2009 Annual Report
2009 was a historic year. It began with the Inauguration of President Barack Obama. While the city is often caught up with the excitement of an Inauguration, it was even more so with the occasion of the first African American President to be sworn into office. The city hosted millions of visitors, as it took a break from the drumbeat of news about the war in Iraq, worsening conditions in Afghanistan, and economic recession gripping the country.
The city, however, could not escape the realities that plagued the nation. Its unemployment rate rose to 11.9% in October, the highest level in 34 years, with over 39,000 people unemployed; the city recorded the highest jump in unemployment in the nation in the month of September. Unemployment was far higher in many of the poorest neighborhoods - reaching 29% in Ward 8. Some 10% of DC borrowers were delinquent or in the foreclosure process at mid-year - double the number from the year before. The city was challenged by charges of mismanagement in human service areas as well - such as governmental response to AIDS / HIV, and service delivery to the developmentally disabled. Even though the number of homicides fell dramatically - by over 20% to a 40 year low, a number of neighborhoods continued to be plagued by gang violence. Such violence tragically continued to take the lives of too many youths, with victims as young as 7.
It was in this context - of a capital city in war time, facing economic challenges not seen in decades, that local congregations and the Downtown Cluster of Congregations sought to serve.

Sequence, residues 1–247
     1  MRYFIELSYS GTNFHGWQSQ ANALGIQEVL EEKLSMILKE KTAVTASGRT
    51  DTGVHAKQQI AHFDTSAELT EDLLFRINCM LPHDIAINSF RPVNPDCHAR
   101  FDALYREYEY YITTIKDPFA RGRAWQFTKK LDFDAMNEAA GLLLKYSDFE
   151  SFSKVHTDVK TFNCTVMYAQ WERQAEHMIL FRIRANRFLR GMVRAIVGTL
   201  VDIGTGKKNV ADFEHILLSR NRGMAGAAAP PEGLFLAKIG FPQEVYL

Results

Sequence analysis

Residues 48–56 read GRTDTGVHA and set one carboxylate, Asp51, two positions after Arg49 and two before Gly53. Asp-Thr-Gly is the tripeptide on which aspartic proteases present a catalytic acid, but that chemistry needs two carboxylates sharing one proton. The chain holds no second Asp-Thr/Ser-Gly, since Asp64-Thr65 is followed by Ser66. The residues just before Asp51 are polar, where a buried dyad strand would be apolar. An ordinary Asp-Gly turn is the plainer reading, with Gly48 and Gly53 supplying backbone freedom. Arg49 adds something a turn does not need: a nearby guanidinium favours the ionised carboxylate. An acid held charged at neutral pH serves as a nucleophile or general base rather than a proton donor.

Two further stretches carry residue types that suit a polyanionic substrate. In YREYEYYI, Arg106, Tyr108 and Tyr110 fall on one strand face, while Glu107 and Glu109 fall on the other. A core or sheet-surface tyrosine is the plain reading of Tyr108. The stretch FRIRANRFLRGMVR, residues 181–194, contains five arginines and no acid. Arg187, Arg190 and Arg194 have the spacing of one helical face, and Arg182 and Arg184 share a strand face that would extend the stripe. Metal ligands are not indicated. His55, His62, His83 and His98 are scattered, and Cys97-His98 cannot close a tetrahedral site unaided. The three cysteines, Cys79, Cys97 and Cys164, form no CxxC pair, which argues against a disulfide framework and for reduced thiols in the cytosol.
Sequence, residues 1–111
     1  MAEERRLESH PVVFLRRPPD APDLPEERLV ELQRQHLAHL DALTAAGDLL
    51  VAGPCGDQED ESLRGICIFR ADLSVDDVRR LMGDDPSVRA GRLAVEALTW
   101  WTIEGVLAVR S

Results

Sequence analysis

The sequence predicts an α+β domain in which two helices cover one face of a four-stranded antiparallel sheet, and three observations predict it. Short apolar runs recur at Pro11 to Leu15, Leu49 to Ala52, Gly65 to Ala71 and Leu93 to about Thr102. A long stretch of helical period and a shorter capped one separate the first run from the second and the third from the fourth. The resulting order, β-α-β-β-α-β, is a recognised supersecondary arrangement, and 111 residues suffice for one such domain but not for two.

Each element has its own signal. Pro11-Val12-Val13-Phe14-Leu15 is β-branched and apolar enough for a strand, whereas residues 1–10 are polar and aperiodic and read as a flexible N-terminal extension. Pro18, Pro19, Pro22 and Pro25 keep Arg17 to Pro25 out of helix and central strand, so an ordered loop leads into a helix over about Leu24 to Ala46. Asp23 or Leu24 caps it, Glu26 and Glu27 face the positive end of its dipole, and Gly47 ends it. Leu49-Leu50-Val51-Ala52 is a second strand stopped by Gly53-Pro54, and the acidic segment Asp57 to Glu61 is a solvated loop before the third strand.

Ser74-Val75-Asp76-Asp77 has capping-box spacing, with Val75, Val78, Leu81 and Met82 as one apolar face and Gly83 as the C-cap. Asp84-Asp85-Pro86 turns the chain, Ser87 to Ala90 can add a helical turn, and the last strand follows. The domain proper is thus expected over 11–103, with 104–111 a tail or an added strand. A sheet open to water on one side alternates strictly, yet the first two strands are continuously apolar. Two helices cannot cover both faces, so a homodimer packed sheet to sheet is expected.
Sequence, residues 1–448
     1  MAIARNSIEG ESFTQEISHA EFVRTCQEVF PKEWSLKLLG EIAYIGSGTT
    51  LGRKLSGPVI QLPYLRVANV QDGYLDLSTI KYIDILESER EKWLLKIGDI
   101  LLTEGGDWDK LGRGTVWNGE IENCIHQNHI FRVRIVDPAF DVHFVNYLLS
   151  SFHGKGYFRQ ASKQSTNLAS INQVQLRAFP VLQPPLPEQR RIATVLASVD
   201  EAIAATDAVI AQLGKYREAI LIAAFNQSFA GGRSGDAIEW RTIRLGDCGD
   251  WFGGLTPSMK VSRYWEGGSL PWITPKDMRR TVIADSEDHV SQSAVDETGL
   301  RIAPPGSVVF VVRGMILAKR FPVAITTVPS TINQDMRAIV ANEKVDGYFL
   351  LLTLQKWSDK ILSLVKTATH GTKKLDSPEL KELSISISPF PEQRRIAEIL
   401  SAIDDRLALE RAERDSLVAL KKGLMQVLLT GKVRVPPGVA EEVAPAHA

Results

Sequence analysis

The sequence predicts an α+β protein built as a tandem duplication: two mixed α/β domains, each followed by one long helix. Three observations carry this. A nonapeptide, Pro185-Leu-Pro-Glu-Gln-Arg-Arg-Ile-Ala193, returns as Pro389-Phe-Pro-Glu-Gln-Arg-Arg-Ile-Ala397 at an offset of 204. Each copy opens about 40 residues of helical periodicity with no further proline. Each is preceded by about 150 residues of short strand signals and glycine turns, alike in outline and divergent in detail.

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The region’s daily homeless population was over 12,000 according to the Council of Government’s one day survey taken early in 2009 - of which over 5,250 were people in families, including children. Over half of all the homeless were counted in the city, with a tally of 6,228. This homeless census does not reflect the large number of persons/ families on the edge of homelessness in the wake of the economic and foreclosure crises. In DC, over 50,000 families were on lists seeking housing assistance.
The Homeless Services Unit of the Downtown Cluster of Congregations served those who were already homeless, and increasingly those in grave danger of it. Basic need requests at congregations were up for all types of assistance - be it food, utility, or rent help, along with basic service needs for mental health care, substance abuse, and other services.
The Unit has 3 full time Outreach Workers. The staff - Julie Turner, Juan Benavides, and Sharon Alston - have been in their positions for over 20, 15, and 10 years respectively - making them the most experienced outreach team in the city. It is owing in great part to this experience, as well as their bi-lingual, multi-cultural capacity and professional training, that has made it possible for them to achieve significant results.